Posted Wednesday, Feb. 1, 2012, at 3:33 PM
Russian teenage girls work on laptop computers while wating for a public bus in Moscow.
Photo by YURI KADOBNOV/AFP/Getty Images
If you want to write your feelings out, do it online. Public journals are even better for teenagers’ mental health than the traditional private pad of paper used to store personal thoughts, according to a new study.
Teenagers who use blogs to share their thoughts about social stress find the activity therapeutic, especially when they receive emotional support from online commenters. The University of Haifa study took Israeli teenagers with social anxiety or feelings of detachment and gave six groups different methods of therapy. Two groups wrote online about their social problems and anxiety; one’s writings were open to comments, while the other’s were not. Two other groups also wrote on blogs, but they were free to discuss anything. Again, one of those groups allowed comments. Teens in the fifth group wrote their diaries on computers, not open to the public, and the final group did not keep journals.
The treatment group that blogged about social and emotional stress and allowed comments showed the most benefits.
This seems counterintuitive. Schools and parents struggle with how to prevent and punish cyberbullies, a topic constantly in the news, and other research accuses Facebook of contributing to depression. But on the blogs in this study, most comments were positive. The authors suggest that the interactive yet anonymous aspect of blogging is beneficial:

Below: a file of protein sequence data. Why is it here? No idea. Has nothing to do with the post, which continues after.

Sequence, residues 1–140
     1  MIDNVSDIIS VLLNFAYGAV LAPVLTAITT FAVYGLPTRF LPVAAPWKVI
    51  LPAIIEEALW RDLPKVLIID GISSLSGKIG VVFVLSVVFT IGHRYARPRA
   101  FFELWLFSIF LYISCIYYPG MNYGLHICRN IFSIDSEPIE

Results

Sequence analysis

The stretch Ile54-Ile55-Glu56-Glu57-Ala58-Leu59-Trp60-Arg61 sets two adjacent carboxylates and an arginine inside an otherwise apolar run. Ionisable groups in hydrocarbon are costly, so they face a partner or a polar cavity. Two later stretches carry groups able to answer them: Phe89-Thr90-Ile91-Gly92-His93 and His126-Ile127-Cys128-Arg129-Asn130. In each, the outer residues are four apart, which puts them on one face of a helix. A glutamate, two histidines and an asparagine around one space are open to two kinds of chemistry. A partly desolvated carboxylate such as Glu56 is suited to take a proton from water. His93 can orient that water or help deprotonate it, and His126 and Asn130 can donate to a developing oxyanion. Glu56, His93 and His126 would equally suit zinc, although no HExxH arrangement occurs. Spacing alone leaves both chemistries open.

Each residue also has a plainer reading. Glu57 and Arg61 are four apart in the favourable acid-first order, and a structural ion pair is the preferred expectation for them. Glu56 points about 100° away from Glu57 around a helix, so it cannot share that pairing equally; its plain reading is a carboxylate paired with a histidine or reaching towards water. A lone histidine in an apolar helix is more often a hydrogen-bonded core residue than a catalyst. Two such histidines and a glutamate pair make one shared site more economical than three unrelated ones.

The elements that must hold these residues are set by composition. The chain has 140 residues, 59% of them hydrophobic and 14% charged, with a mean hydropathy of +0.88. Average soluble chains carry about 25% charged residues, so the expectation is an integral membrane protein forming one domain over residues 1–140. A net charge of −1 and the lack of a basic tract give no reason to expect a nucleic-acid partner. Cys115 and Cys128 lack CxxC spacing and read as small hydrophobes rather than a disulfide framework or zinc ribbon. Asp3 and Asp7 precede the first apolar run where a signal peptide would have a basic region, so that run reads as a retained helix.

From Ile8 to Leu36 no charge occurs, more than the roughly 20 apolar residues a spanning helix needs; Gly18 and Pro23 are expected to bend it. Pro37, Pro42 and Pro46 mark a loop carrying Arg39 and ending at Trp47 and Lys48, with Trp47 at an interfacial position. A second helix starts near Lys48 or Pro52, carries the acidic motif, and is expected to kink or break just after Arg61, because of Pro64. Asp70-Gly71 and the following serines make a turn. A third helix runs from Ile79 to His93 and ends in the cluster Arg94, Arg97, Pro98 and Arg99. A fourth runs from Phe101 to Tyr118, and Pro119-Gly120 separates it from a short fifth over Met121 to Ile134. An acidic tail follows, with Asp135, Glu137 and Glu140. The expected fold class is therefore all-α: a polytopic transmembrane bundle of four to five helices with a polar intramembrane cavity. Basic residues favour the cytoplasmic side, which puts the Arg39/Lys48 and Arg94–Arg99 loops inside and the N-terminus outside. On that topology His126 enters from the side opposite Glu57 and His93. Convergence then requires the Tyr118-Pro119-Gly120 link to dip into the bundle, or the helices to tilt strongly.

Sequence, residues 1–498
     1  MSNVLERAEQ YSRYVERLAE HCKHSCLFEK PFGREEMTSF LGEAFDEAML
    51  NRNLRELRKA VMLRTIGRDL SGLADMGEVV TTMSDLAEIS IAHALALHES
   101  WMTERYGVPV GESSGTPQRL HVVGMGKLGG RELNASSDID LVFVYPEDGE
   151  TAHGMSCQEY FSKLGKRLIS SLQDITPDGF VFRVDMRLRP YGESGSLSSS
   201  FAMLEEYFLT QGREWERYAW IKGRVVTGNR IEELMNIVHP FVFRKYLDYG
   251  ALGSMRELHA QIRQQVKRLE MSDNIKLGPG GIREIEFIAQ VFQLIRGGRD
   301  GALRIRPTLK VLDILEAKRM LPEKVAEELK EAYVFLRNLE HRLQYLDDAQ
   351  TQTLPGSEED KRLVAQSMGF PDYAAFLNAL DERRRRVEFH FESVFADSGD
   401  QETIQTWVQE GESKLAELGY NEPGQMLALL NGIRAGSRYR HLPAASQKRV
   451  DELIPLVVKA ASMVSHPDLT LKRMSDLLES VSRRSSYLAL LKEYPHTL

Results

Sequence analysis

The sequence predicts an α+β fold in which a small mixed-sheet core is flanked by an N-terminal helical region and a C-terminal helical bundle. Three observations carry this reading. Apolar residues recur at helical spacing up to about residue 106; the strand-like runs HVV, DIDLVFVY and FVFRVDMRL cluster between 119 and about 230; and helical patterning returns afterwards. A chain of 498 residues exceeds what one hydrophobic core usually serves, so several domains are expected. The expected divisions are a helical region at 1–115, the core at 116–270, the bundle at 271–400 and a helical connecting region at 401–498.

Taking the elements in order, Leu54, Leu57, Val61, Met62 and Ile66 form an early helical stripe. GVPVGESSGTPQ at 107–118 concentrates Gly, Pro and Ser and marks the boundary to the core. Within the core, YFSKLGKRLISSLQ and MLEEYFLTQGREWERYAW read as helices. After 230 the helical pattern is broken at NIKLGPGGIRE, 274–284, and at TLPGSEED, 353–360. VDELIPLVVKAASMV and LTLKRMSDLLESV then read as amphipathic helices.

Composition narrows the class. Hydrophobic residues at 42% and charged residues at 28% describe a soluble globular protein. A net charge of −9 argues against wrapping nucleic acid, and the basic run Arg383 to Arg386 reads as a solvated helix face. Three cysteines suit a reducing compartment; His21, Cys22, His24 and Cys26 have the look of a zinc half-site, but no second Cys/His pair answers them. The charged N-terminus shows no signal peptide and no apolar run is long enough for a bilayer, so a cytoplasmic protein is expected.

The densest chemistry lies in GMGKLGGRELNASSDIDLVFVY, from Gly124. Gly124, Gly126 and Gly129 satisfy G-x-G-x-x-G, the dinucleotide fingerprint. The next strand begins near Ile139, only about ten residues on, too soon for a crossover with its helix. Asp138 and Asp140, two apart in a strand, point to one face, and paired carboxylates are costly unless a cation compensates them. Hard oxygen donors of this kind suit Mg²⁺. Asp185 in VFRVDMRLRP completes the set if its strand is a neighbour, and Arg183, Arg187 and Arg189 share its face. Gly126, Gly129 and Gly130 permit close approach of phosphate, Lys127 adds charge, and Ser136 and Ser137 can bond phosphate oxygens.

[T]he spontaneous and anonymous interpersonal interactions available in cyberspace may alleviate users’ self-perceptions and negative emotions and, consequently, contribute to their ability to cope with difficulties in their offline environment (Kraut et al., 2002). Furthermore, self-exposure, typical in cyberspace in general and in blogging in particular, could serve as an important factor in building social relationships and in coping with loneliness, shyness, social anxiety, and other conditions that inhibit healthy, satisfactory social connections.
And so maybe the semi-personal nature of an anonymous blog (not the constant curation of the perfect Facebook page) attracts the emotional support necessary to pull a teenager out of social anxiety.
The researchers stress, though, that the research only applies to teenagers, and that the blogs were formed as part of the study. So, although blogs can be therapeutic for teens struggling socially, they may not be using the Internet in that way in their real (virtual) lives.